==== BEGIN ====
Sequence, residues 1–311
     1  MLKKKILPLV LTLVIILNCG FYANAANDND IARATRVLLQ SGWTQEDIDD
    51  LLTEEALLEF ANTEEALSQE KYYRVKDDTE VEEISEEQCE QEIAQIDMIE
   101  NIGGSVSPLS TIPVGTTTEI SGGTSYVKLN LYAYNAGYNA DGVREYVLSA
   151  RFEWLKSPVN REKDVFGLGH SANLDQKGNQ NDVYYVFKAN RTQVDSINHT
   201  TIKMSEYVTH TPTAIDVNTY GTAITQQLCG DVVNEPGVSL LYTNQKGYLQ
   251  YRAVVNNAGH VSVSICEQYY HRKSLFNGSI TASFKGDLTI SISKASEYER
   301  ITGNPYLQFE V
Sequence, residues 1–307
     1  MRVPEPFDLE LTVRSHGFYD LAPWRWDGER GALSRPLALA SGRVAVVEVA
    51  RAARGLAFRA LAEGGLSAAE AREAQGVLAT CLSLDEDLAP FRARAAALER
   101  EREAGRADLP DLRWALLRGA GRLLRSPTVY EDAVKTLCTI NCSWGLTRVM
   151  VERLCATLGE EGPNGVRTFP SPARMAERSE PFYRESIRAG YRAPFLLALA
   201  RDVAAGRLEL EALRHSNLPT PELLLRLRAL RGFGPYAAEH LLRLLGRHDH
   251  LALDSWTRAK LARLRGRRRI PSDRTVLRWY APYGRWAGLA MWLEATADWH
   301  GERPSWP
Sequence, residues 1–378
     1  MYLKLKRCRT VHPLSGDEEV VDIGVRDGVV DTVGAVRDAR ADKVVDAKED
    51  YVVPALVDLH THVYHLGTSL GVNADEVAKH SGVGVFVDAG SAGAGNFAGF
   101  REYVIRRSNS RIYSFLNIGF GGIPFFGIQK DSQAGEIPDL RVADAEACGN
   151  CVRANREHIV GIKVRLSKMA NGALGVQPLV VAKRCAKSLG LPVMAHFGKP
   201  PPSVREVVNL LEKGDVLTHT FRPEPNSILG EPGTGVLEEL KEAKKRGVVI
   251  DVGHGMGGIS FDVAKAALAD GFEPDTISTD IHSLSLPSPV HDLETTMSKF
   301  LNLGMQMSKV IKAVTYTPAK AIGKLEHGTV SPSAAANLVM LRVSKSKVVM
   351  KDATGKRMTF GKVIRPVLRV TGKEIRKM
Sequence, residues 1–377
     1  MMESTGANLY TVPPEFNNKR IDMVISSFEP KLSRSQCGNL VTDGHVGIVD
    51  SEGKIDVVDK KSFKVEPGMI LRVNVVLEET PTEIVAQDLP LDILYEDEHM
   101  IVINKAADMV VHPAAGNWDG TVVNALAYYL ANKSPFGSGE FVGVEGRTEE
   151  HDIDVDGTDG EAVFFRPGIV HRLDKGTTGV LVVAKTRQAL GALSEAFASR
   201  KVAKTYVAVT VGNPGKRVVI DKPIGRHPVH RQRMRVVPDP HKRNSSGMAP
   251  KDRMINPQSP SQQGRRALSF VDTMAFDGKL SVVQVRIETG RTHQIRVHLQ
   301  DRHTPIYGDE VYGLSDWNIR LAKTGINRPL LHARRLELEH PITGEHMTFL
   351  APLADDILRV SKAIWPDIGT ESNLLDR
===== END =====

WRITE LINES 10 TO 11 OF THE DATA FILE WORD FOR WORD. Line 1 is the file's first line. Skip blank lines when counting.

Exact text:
     1  MRVPEPFDLE LTVRSHGFYD LAPWRWDGER GALSRPLALA SGRVAVVEVA
    51  RAARGLAFRA LAEGGLSAAE AREAQGVLAT CLSLDEDLAP FRARAAALER